Mental health crises account for one in ten military evacuations, figures released under FOI show
Mental health emergencies account for more than one in ten air evacuations of military personnel, new figures have shown. Over the last year 121 servicemen and women operating abroad were flown back to the UK as a result of mental health conditions including depression, anxiety, PTSD and stress. Mental health was the second most common reason for medical evacuation, after limb injuries. More people were evacuated for mental health than limb disorders, heart problems or spinal injuries.
Return to Operations
Personnel who are deemed to be unfit to continue on operations are flown back to the UK by helicopter or transport aircraft to receive medical treatment. Evacuations can take place for emergency treatment or to deal with long-term conditions that prevent personnel from carrying out their duties. After treatment, servicemen and women then either return to operations abroad or remain in the UK. The RAF Aeromedical Evacuation Service is available to evacuate service personnel 24 hours a day if necessary. The figures do not show instances of mental health problems that are dealt with without the patient returning to the UK, or where the patient travels on a commercial airline. Evacuations from operations or training exercises on British soil are handled by the NHS.
Army Most Likely
The figures, obtained by The Sunday Telegraph under freedom of information laws, cover the period from October 2017 to September 2018. Army personnel were the most likely to be evacuated for mental health, with 69 evacuations, followed by 35 in the Royal Navy and 17 in the RAF. The proportion of evacuations for mental health has almost doubled since the period between 2003 and 2010, when the UK was deployed in Iraq and Afghanistan, although the total number is slightly smaller. A total of 12.4 per cent of evacuations between 2017 and 2018 were for mental heath conditions, compared with 6.3 per cent between 2003 and 2010.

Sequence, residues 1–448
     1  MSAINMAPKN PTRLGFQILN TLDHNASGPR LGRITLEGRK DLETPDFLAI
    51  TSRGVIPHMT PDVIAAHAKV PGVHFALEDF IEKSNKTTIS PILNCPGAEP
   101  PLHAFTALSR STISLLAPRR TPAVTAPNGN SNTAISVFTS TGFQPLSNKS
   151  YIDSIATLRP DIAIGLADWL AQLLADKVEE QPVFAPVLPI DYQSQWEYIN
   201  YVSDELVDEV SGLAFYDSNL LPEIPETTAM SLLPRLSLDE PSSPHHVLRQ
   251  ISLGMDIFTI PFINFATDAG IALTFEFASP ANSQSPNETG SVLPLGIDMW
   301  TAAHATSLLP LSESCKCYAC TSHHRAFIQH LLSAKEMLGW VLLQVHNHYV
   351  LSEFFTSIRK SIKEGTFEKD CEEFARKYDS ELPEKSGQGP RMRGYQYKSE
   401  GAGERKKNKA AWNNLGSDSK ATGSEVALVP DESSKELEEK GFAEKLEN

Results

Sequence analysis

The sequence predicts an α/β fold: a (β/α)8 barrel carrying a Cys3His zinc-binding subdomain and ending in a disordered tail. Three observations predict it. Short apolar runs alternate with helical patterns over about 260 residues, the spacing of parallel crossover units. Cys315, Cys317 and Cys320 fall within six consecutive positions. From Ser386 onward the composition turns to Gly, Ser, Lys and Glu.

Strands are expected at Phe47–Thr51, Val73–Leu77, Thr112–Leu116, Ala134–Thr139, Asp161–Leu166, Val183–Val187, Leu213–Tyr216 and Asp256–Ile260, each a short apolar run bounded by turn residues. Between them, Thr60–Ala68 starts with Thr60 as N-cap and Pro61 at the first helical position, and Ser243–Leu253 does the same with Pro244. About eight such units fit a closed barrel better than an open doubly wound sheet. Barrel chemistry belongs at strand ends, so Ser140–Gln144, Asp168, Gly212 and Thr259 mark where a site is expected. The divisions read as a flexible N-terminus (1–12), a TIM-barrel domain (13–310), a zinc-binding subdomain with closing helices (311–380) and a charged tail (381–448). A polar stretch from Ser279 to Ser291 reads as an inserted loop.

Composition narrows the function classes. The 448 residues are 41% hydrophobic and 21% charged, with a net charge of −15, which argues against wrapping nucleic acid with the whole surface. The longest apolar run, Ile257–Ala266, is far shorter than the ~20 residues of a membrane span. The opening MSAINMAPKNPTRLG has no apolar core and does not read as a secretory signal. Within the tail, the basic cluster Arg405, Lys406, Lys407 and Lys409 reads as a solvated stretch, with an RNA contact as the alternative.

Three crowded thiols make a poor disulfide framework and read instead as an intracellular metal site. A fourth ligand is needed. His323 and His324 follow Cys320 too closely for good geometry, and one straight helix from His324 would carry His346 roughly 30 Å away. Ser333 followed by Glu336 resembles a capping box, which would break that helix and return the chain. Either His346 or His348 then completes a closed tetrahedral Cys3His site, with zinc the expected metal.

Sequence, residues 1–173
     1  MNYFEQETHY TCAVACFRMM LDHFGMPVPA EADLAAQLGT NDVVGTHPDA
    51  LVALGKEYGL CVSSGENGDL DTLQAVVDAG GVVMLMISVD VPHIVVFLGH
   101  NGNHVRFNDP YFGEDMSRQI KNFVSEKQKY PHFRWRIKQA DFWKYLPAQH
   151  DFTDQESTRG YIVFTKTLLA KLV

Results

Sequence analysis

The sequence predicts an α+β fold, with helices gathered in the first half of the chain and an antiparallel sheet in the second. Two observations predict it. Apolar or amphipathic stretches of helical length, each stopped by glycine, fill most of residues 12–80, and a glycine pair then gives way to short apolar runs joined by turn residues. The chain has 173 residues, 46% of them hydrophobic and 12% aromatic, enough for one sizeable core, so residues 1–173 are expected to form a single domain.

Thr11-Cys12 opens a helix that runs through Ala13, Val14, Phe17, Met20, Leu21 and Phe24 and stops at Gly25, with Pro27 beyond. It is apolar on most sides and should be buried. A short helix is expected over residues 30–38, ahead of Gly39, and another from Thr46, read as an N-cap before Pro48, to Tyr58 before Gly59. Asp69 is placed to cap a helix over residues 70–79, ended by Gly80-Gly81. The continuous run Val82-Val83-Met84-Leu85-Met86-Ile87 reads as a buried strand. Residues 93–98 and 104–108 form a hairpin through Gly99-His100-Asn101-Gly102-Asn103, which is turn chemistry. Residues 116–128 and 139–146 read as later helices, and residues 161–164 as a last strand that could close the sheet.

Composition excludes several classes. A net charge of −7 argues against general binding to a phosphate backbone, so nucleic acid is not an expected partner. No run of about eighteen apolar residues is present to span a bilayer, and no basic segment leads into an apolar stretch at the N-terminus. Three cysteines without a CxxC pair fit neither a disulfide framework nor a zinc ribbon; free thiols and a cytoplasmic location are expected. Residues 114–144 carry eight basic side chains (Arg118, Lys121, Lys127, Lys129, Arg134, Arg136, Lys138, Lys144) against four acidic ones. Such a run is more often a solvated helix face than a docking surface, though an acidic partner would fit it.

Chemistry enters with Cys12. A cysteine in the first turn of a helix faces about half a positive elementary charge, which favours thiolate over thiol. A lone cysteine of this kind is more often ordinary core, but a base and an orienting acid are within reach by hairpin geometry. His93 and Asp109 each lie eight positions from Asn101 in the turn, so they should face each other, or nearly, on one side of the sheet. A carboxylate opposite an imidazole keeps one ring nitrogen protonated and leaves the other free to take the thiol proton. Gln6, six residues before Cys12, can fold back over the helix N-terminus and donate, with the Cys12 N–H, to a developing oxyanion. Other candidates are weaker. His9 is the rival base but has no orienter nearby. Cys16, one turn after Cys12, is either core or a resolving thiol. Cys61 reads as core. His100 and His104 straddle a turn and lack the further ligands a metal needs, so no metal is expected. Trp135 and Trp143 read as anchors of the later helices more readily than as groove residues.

Responding to the figures, a spokesperson for a military charity said: “It is important to respond quickly when people take that big step and ask for support, we have been asking the nation to call time on stigma and let those who serve our country know that it’s okay to ask for help.” The figures come after a Ministry of Defence statistical report found last month that Army personnel were at the highest risk of all three forces of deliberate self-harm during their service. The rates of self-harm among the forces as a whole stand at 2.8 per 1000, the figures show.
Series of Initiatives
Over the last year, the MoD has rolled out a series of initiatives to improve the mental health of serving personnel and veterans. Under the government’s military mental health and wellbeing strategy, unveiled in July, personnel undergo “resilience training” to help prevent depression and anxiety. Last February Gavin Williamson, the Defence Secretary, launched a new ‘military mental health hotline’ that allows servicemen and women to call the charity Combat Stress and discuss their mental health concerns.
How to get help | Do you need someone to talk to?
The following organisations offer free and confidential support over the phone:
Samaritans – 116 123. Round the clock support, every day of the year |samaritans.org
Mind – 0300 123 3393, 9am – 6pm, Mon – Fri (except Bank Holidays). Advises on a range of mental health issues | mind.org.uk
Young Minds – 0808 802 5544, 9.30am – 4pm, Mon – Fri. Supports parents and carers worried about a child’s welfare | youngminds.org.uk
The Mix – 0808 808 4994, 2pm – 11pm, Mon – Sun. Helpline for people under the age of 25 | themix.org.uk
For more helplines and mental health resources, see the NHS on stress, anxiety and depression